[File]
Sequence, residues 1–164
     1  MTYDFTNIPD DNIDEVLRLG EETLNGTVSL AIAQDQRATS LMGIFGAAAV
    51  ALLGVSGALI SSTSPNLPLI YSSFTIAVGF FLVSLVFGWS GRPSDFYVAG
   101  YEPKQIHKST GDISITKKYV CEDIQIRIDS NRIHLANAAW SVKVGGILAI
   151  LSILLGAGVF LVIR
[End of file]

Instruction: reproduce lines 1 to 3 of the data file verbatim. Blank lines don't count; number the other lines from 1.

Sequence, residues 1–164
     1  MTYDFTNIPD DNIDEVLRLG EETLNGTVSL AIAQDQRATS LMGIFGAAAV
    51  ALLGVSGALI SSTSPNLPLI YSSFTIAVGF FLVSLVFGWS GRPSDFYVAG